7 Examples of Sustainable Housing for First Time Homebuyers
This is a guest post by author Tom Becker
Sustainable housing is no longer solely the preserve of the rich and idealistic. Housing that is made cheaply from renewable sources are popping up with increasingly frequency all around the world. From New Orleans homes to huge apartment blocks, sustainable housing is good for the planet, good for your company’s reputation, and is increasingly within everyone’s price range.
Singapore recently unveiled plans for their first residential, sustainable housing project. The ecologically sound complex uses solar power, water recycling, and is surrounding by an eco-deck intended to absorb heat and allow for outdoor recreation. Rainwater will serve to provide the estimated 130,000 gallons required by the complex. With a chute for recycling in every apartment, it couldn’t be easier to be eco-friendly. Plants grow on outside walls to keep the inside cool. This will reduce the 712 apartments’ need for high-energy air-conditioning. The apartments are priced as low as $90,000, only 15% higher than similar apartments.
BedZed, the Beddington Zero Energy Development offers affordable sustainable living, reproduced for 82 houses, 17 apartments and almost 1,500 m sq. of work-space. The development is a zero-energy community close to London and it considers itself carbon-neutral. The energy neutrality comes from a mix of smart-building choices, sustainable materials, and clever energy saving and production technology such as waste water recycling and water heaters that double as radiators, fed by a centralized heat and power plant that burns waste wood that would otherwise be sent to the landfill. They also emphasize mitigating the use of cars and try to ensure that the energy that went into the product is low energy and sourced locally.
Dinkins Gardens [New York City]
New York is also getting in on the sustainable housing act with a $20m development that works out at a very manageable $250,000 per unit, which is a comparatively small for New York City. The development features include south-facing solar shades, apartments that are individually vented and a grey-water system that irrigate local landscape and the gardens. About a quarter of the units are reserved for people on low incomes who perhaps can’t afford a huge home loan, part of a drive to to fulfill a pledge to build 165,000 units of affordable housing in the next decade in New York.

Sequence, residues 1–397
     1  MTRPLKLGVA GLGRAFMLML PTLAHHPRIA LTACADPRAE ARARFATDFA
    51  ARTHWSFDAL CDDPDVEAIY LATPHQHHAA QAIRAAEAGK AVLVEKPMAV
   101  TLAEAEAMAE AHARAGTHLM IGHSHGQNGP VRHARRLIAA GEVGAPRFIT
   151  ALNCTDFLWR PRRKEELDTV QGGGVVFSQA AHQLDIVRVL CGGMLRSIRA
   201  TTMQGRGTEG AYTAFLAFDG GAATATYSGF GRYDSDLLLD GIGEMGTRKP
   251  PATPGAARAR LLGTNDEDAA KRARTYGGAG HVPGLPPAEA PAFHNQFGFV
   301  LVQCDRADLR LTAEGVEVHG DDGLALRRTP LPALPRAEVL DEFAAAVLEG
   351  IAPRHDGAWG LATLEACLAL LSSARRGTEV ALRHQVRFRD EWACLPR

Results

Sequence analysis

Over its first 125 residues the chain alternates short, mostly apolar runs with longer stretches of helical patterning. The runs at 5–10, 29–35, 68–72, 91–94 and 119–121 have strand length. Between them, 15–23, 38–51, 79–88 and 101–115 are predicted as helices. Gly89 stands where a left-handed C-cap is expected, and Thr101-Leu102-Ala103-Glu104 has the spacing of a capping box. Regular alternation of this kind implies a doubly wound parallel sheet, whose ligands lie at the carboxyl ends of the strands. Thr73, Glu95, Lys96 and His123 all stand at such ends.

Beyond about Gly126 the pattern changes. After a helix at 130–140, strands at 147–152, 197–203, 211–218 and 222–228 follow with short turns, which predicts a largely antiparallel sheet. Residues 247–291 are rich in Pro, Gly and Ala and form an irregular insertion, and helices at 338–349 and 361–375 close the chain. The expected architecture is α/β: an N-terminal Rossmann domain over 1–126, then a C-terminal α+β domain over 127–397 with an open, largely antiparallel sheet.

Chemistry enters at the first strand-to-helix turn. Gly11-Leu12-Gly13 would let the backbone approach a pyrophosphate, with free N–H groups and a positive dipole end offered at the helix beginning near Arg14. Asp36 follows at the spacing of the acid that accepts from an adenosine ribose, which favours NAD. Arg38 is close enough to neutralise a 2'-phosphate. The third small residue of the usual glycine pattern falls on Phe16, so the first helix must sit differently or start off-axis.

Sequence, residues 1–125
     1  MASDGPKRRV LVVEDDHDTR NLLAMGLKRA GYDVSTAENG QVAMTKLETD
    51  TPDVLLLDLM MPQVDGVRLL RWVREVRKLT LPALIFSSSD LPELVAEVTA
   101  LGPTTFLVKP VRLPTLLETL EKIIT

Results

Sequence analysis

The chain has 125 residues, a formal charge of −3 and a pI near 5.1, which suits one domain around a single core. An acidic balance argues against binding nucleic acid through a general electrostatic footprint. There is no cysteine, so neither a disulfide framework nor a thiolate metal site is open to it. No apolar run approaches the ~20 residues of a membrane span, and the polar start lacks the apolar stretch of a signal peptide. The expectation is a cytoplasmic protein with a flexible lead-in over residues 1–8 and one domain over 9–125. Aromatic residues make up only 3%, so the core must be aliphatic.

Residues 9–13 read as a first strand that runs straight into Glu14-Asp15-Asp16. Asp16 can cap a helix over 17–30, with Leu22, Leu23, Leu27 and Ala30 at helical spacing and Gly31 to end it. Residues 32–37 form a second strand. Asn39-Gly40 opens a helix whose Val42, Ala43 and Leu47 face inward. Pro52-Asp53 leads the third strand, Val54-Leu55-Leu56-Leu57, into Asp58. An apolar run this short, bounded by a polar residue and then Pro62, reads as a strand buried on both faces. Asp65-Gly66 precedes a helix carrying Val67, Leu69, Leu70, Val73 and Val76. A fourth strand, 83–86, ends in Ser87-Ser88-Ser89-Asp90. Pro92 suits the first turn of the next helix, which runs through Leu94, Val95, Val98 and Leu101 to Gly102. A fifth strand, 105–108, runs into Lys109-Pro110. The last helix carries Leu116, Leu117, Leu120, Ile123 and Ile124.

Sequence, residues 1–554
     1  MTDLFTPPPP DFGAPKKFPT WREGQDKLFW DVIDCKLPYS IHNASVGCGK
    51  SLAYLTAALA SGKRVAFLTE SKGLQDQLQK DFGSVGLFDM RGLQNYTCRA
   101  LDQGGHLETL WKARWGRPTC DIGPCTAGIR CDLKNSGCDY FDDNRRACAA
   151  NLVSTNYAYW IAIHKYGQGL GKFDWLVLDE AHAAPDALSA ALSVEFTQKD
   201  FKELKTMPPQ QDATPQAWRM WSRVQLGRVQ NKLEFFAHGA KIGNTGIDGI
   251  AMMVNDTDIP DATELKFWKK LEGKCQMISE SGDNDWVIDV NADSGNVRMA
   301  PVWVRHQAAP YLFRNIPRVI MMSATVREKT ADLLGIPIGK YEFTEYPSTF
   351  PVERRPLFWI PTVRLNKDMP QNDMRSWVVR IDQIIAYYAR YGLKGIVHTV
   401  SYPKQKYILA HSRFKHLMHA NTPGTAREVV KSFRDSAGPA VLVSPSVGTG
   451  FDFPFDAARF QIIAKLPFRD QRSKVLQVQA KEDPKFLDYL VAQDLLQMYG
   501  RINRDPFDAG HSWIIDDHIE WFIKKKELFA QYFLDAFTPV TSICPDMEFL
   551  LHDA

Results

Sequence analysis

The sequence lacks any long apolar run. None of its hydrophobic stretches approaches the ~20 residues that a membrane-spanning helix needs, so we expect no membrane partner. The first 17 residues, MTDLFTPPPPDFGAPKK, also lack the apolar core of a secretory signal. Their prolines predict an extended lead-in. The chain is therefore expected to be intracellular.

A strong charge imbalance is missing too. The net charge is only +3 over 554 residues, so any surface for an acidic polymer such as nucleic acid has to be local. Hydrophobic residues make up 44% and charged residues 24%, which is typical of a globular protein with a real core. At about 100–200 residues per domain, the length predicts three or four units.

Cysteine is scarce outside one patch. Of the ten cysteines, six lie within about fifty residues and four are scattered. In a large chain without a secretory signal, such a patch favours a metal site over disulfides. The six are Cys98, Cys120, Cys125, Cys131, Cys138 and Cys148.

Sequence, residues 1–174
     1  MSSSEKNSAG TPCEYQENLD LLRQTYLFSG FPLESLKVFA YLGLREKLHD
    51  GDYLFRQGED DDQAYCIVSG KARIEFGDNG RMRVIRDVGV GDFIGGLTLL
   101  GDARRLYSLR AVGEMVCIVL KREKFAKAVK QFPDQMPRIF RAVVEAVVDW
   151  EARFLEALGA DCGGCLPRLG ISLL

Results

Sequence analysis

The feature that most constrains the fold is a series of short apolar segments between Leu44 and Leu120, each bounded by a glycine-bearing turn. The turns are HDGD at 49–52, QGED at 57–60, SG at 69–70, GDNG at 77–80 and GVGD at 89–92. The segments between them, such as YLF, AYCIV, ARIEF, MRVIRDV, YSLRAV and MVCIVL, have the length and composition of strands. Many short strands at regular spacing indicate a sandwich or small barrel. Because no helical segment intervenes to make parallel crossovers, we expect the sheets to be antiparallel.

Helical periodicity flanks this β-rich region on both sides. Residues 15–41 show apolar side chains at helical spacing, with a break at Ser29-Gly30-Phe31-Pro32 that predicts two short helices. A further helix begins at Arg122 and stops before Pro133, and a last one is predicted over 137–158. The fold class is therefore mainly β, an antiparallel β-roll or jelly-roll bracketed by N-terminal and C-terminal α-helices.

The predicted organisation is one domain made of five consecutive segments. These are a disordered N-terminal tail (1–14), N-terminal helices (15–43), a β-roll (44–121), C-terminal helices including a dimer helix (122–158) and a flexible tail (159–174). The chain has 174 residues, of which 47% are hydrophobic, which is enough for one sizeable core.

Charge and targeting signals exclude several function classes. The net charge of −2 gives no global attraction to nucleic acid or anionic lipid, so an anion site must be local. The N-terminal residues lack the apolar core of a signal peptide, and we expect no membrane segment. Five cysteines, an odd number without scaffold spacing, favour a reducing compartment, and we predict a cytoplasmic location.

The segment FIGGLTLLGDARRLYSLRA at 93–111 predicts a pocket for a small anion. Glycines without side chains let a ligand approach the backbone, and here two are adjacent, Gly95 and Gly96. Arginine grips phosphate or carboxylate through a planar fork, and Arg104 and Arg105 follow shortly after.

Rural Zed [United Kingdom]
With an increasingly eco-friendly housing regulation coming into force in the United Kingdom, houses like those built by Rural Zed will not be a novelty for long. Rural Zed is realistic, understanding that housing needs to be constructed in medium density locations and occasionally on flood plains, adjusting their designs for both situations. The basic design can be utilized as terraces, or as north/south or east/west facing constructions and can be optimized so that they can be built on flood plains.
Solara [San Diego]
This apartment community in San Diego is powered entirely by solar power, with unit price depending on occupants’ income. They come with the ever increasing range of eco-friendly and sustainable living features such a passive solar orientation and tankless boilers for the apartment’s hot water needs. They were developed with the aid of California’s Zero Energy Homes program, allowing rebates for homes like these that offer ‘smart growth’ and are local to public transport and amenities. Like many of the sustainable housing projects featured, these are geared towards and located to maximize pedestrian lifestyle.
GreeNOLA [New Orleans]
Sustainable living cannot function best when stuck on the edge of a city, away from convenient public transport links. The chance provided in New Orleans for sustainable housing is great. After a design competition with which Brad Pitt got involved, a winner was chosen: the wining design uses energy efficient appliances, use recycled building materials, and is designed to cut pollution and save money on operating costs.
Last decade, development of sustainable housing began to take speed. Donald Watson was commissioned to produce an eco-house that could be built for the same price as an average starter home would cost. The ‘Ecology House’ was the result, winning design awards in 1990 and leading the way for low-energy housing focusing on sun-path positioning, suitable for locations as far north as New York and Detriot. By saving people money on energy costs, these houses gradually pay for themselves, even with an initial cost slightly home than average homes. The $100,000 house costs $100 a year to heat and cool.